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School bus companies a saving grace for laid off Albertans

ABOVE WATCH: School bus companies are reporting a surge of applicants, and the reason appears to be layoffs. Global’s Stefan Keyes reports.

CALGARY – Trish Hardy says she worked in human resources for oil and gas companies for many years. She handled much of their layoffs and estimates having to give notice to as many as 600 Albertans throughout the course of her career.

In 2014, she found herself out of work.

“Monday morning, you know, everyone else is going off to work and I’m sitting at home,” said Hardy. “You know that’s a little bit tough.”

But – as they say – when the going gets tough, the tough get going. Hardy is just one of many who have turned to school bus companies for a source of income.

“They need something that’s a quick fix to get through to feed their families. And some people are just here until the economy rebounds,” said Mike Stiles.

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Stiles is a safety manager with Calgary’s biggest school bus provider: First Student. He says in past years they’ve struggled to find drivers to the point he’s had to leave his post as a manager and get back behind the wheel. But the situation is very different this year.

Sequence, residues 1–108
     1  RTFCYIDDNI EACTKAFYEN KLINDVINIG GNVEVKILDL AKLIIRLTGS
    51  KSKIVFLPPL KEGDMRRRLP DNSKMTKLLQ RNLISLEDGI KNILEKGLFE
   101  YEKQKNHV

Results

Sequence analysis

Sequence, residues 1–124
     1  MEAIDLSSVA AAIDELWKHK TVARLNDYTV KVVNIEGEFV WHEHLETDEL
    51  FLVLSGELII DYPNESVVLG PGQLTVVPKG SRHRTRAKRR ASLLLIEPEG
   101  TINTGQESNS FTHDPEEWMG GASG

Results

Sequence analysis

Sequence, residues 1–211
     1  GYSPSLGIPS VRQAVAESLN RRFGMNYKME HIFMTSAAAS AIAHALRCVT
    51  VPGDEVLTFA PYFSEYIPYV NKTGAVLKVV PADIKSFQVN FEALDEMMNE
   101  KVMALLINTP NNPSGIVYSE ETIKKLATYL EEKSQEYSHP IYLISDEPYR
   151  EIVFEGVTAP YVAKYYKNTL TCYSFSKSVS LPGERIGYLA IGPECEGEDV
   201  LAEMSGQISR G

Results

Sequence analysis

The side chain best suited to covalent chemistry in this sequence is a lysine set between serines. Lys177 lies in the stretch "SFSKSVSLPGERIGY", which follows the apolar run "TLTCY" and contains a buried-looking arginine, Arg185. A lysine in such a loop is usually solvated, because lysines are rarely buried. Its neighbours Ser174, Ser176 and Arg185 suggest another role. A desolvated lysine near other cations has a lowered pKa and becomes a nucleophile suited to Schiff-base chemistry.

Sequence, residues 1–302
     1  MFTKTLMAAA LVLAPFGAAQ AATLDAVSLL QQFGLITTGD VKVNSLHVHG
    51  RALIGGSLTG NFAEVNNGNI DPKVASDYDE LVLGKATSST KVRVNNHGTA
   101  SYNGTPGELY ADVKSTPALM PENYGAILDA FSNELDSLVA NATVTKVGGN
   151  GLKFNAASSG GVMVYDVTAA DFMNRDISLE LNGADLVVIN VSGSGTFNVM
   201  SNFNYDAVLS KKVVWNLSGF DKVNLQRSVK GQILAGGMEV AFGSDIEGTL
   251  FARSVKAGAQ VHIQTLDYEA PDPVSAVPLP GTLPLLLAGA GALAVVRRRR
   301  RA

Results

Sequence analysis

“We’re up about 34 per cent over last year,” said Stiles.

Thursday’s class consisted of 21 students. Each student has a different story.

For Patricia Grant, leaving retail for school bus driving seemed like a guarantee during uncertain economic times. A consistent message is that there will always be children; and there will always be schools.

“I’ve mostly worked retail and it’s sort of challenging trying to find a position that is going to continue with the various fluctuations of the economy,” said Grant.

First Student plans to have close to 800 drivers for the 2015-2016 school year.

Calgary’s other school bus company, Southland Transportation, says it has also seen an increase in driver applicants.

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